I won’t teach you anything here but there is often rain between two sunny spells! Paris is no exception and unfortunately it doesn’t boast a micro climate.
The weather being a bit unstable at the moment, and rather than having to dodge through the rain, here’s a smart idea to find shelter if you happen to near the islands and historic center or if you’ve just visited Notre Dame and don’t know where to follow on.
Why don’t you head towards the Hotel de Ville (Paris main city Hall), there’s a free exhibition about the Popular Front there that’s worth mentionning.
The factories are occupied, general strikes, mass demonstrations are deployed throughout France and finally the emergence of a keystone for social rights voted through the Matignon agreements. Favourable labor and domestic laws are passed, unions are strengthened. These components are part of the heritage of the “Popular Front” (coalition of left wing movements which included radical socialists, the SFIO and also the communist party). Léon Blum, the socialist leader, was heading the SFIO, the French Section of the Workers’ International. He became the first Socialist Prime Minister of France.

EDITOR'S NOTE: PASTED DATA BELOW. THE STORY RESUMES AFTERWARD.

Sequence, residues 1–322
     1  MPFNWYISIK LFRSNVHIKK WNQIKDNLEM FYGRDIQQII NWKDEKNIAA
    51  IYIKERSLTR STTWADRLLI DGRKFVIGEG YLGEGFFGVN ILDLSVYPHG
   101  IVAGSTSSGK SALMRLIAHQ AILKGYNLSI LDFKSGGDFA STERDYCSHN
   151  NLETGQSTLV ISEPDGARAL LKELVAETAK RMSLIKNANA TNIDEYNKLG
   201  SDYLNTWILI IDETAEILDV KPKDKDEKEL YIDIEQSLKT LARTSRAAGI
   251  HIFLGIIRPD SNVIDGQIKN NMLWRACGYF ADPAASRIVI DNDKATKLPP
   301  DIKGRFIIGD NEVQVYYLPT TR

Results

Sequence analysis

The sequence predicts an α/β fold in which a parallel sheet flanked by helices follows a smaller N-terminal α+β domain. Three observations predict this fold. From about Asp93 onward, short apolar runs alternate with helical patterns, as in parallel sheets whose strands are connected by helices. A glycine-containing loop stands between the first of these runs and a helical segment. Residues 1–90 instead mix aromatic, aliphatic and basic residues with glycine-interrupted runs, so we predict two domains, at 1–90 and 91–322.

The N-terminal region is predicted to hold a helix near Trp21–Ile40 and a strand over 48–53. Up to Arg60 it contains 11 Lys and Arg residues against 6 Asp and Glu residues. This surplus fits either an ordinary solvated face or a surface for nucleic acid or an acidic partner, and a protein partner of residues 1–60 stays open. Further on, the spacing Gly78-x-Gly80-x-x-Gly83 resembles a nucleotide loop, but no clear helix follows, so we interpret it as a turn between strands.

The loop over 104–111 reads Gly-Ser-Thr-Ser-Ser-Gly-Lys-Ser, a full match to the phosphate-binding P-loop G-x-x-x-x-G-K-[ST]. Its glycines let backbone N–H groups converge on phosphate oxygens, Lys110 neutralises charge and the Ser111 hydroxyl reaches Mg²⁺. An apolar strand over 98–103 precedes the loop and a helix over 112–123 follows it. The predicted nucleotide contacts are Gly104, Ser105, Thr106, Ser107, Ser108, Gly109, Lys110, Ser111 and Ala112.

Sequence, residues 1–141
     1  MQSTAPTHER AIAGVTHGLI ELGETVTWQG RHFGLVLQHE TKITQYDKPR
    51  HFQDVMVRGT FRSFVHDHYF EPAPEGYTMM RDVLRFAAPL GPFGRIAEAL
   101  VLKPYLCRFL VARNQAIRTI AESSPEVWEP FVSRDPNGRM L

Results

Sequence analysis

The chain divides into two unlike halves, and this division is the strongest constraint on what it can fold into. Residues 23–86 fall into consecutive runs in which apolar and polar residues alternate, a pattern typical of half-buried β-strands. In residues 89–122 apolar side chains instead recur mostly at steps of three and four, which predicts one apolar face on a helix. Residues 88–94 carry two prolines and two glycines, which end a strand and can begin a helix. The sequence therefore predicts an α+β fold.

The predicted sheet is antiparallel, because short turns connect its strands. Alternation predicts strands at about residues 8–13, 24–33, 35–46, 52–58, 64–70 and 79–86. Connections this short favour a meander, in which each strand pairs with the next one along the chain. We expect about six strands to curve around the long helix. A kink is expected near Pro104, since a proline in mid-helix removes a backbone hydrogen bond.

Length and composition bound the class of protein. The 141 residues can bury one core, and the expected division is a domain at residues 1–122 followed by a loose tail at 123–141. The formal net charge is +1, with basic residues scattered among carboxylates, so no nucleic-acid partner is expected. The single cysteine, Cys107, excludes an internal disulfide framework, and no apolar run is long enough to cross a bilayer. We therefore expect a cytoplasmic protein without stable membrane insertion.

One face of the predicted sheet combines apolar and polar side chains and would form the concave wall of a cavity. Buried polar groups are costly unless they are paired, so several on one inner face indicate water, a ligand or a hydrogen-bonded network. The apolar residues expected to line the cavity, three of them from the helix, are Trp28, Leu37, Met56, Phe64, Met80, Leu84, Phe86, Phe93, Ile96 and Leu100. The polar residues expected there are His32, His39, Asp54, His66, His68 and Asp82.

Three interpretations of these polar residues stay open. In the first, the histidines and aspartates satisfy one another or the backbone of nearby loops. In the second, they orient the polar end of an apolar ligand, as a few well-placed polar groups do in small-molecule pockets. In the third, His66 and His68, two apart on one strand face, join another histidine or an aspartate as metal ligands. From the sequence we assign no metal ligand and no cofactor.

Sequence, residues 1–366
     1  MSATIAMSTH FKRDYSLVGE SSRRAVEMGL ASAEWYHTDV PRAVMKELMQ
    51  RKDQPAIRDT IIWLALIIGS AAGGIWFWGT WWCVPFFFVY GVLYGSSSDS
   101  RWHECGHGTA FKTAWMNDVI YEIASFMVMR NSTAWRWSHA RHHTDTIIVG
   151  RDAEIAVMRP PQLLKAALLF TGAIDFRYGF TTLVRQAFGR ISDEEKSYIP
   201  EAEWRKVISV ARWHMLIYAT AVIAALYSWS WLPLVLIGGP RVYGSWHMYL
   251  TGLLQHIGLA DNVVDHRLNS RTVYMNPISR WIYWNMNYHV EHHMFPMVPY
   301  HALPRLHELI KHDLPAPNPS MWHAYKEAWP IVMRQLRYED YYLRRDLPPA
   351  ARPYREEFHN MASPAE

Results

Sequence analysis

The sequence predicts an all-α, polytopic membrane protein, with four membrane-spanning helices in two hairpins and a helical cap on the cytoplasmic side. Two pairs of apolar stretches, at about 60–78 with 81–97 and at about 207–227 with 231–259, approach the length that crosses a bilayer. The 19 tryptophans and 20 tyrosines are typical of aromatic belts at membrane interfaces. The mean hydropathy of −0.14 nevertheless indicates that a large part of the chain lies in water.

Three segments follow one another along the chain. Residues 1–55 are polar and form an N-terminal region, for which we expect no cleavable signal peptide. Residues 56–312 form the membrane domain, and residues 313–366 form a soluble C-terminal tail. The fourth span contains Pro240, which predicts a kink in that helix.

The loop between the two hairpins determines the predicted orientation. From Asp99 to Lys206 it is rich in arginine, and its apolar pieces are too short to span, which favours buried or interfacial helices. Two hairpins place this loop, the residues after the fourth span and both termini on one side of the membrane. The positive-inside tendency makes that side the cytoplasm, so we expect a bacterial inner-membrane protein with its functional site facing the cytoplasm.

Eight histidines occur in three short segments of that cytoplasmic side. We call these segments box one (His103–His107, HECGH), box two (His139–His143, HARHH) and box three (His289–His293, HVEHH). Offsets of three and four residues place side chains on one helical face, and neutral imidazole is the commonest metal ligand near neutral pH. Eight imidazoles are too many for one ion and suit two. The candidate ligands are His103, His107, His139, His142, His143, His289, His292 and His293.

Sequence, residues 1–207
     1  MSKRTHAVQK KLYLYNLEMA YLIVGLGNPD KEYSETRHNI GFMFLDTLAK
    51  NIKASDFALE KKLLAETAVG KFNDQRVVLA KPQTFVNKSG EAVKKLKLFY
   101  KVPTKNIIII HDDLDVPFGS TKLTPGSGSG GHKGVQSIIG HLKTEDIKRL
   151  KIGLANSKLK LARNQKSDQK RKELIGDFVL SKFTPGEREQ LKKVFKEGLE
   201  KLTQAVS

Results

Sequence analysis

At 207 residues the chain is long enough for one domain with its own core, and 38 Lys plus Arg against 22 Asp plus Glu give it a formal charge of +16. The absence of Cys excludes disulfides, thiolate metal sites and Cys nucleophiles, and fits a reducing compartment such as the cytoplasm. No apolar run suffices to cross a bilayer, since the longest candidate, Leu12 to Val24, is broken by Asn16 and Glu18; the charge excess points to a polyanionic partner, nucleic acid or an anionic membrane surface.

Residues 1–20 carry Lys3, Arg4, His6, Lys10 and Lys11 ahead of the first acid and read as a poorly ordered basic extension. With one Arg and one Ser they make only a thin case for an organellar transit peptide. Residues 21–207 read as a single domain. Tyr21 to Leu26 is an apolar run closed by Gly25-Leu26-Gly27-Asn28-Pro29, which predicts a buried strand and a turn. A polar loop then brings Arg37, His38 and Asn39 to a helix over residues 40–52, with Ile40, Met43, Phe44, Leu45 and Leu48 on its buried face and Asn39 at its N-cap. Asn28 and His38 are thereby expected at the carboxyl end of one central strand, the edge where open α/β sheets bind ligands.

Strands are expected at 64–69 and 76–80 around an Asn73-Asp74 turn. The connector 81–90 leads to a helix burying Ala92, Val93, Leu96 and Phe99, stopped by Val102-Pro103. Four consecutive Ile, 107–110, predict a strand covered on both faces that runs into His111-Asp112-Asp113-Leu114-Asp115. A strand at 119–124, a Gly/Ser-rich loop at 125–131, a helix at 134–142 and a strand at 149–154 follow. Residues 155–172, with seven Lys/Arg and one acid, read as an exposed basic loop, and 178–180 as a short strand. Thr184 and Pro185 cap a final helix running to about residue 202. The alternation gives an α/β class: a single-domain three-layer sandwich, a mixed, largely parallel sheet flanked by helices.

Over a short period of one year starting in June 1936, by winning the legislative elections, Léon Blum’s “popular front” triggers a series of social reforms changing the lives of millions of French individuals. Two weeks paid leave (that’s the start of cycling holidays or call it tourism!! Man and wife exploring beyond the boundaries of their small village) , the 40 hour week, the right to strike and salary increases. All of this happened in a highly charged atmosphere, a time marking the end of the 1930’s, devastated by a persistent great depression and high inflation and the all too famous rise of facism. That was almost a century ago, 80 years ago to be exact.
So what’s left of it? Photos that bear testimony, immortalising the enthusiasm and fervour of the working class. To travel back into time and experience this jubilant atmosphere, the “Hôtel de Ville” is dedicating a photo exhibition up until the July 23rd, from 10am to 5:30pm, Monday to Saturday. Go there if you want to learn about French history! Forget Saturdays, obviously less crowded on week days of course – free entry. Metro Hôtel de Ville, 5 rue Lobau in the 4th.